Among corporate technology managers, it's one of the oldest adages: "Nobody ever got fired for buying IBM."
That is because many regarded it to be a safe bet to do business with the established tech giant, one that helped lead the computer revolution by pushing personal computers onto the desktops of homes and offices around the world. Customers largely had two choices, an IBM PC or what used to be known as an "IBM clone" made by another company.
International Business Machines Corp., however, has steadily lost its hold on the PC market, buffeted by made-to-order rivals such as Dell Inc. and low-cost competition from overseas. In recent years, IBM has gradually moved away from PC sales to focus on more profitable businesses in consulting and services. A newspaper report Friday suggested the company may be ready to exit the personal computer business altogether.
The New York Times, citing unidentified sources, said IBM is in discussions to sell its PC business to China's top computer maker, Lenovo Group Ltd., a company formerly known as Legend Group Ltd. A spokesman for IBM, Clint Roswell, declined to comment on the report, saying it is against his company's policy to comment on rumor or speculation. "We don't have anything to announce yet," he said.
A sale would be the latest evidence that personal computer brands are quickly becoming seen as interchangeable, in an industry where price competition is fierce and few companies are profitable. Several of IBM's largest rivals have merged in recent years -- Hewlett Packard Co. bought Compaq Computer Corp., Gateway Inc. paired with eMachines Inc. -- in an attempt to better compete with the industry's giant, Dell.
For its part, IBM has chosen a steady retreat from the business. It got rid of its disk drive business and stopped marketing computers to consumers to focus on business customers years ago. Then the company acquired PricewaterhouseCoopers Consulting, a smaller power player in the services business, in 2002.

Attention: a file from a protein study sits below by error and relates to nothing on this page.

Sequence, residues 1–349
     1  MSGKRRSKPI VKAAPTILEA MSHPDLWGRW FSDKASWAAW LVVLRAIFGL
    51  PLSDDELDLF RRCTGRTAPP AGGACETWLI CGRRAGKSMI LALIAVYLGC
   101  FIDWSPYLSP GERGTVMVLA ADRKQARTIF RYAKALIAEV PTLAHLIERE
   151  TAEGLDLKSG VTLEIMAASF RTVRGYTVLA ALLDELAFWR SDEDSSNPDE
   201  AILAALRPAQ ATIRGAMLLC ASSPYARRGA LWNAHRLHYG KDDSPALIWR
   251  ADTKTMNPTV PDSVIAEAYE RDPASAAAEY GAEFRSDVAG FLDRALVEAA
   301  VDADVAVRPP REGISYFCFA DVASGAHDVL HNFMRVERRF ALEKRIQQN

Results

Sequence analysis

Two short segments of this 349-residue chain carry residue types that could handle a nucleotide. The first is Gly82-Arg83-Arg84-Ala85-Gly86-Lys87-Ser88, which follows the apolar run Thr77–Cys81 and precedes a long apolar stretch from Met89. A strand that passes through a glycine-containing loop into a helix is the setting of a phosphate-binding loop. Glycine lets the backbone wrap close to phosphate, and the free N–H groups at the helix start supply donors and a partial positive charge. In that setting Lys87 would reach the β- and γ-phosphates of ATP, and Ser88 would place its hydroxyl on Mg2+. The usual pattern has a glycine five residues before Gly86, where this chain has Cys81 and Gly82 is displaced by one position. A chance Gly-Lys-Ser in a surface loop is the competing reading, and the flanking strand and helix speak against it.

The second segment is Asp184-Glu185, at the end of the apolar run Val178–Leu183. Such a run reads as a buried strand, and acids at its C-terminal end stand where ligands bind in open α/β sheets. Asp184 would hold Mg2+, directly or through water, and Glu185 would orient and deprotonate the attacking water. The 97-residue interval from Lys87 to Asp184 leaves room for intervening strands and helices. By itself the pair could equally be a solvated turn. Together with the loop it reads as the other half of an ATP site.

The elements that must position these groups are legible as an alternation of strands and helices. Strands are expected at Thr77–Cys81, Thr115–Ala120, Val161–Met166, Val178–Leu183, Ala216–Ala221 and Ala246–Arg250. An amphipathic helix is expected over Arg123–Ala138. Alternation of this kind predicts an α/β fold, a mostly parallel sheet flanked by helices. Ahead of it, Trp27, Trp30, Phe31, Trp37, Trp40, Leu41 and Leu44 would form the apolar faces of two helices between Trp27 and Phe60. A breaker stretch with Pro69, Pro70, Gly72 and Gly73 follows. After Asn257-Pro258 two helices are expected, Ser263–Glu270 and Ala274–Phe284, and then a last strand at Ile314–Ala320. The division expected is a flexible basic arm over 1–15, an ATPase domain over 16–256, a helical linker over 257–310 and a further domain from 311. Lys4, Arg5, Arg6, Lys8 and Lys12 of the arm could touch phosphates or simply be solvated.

IBM Global Services, IBM's name for its consulting division, is the largest in the world and accounted for more than $40 billion of the company's revenue in 2003. The company pulled in only about a tenth of that amount selling computers. IBM is the third-largest personal computer maker in the United States, behind Dell and Hewlett-Packard.
"The investment community and many others have been yelling at IBM to get out of the PC business for a long time," said Roger L. Kay, an analyst at the research firm IDC. "They're just making a couple percent profit after all is said and done. You could just buy bonds and do better -- and you wouldn't have to worry at night."
But think tank director Paul Saffo, of the Silicon Valley outfit Institute for the Future, said the company's exit would be a "scandal" and "should send a shiver down the spine of anybody who cares about the future of the American economy." In his view, a retreat by IBM would be a distressing sign that U.S. businesses no longer know how to build products profitably.
IBM and Apple Computer Inc. helped lead the computer revolution. Though many companies and computer models had a role in the ascent of the computer, IBM's 5150 computer is often cited by tech historians as having sparked the industry (Mac aficionados would tend to give that credit to an earlier machine from Apple).
Some analysts questioned the wisdom of such a move on the grounds that an IBM computer purchase could influence a company to use IBM's services, but others saw a move in a favorable light. The company's stock closed at $97.08 a share yesterday, up $1.32.
Merrill Lynch & Co. analyst Steven Milunovich rated the potential move as "a moderate positive" in a note to investors, though he warned that IBM would risk losing corporate accounts to HP and Dell, especially if there is no IBM-branded computer. It was not clear yesterday whether IBM would allow a purchaser of its PC business to use the IBM brand on its computer line or not. (Some reports yesterday said IBM had hired Merrill Lynch to help it find a buyer for its PC business. A spokeswoman for Merrill Lynch declined to comment on the matter yesterday.)
Some analysts questioned whether PC brands matter.
"I'm not sure the PC is like the component industry or the disk drive industry," said Stephen Baker, an analyst at NPD. "People don't know what kind of disk drive it is inside their PC, but they do know what the brand is on the computer on the desktop in front of them."
A company's brand name is still important in some parts of this industry, he said. For example, there are companies that won't buy computers with processors built by Advanced Micro Devices Inc. because they trust Intel Corp. microprocessors more, Baker said. "I wonder how those corporations are going to feel about getting a PC from 'Lenovo.' "
For analyst Kay, following the PC industry is becoming more of a part-time job within his other responsibilities, as the industry continues to consolidate.
"One more funeral in this industry, and there's nothing left," he said.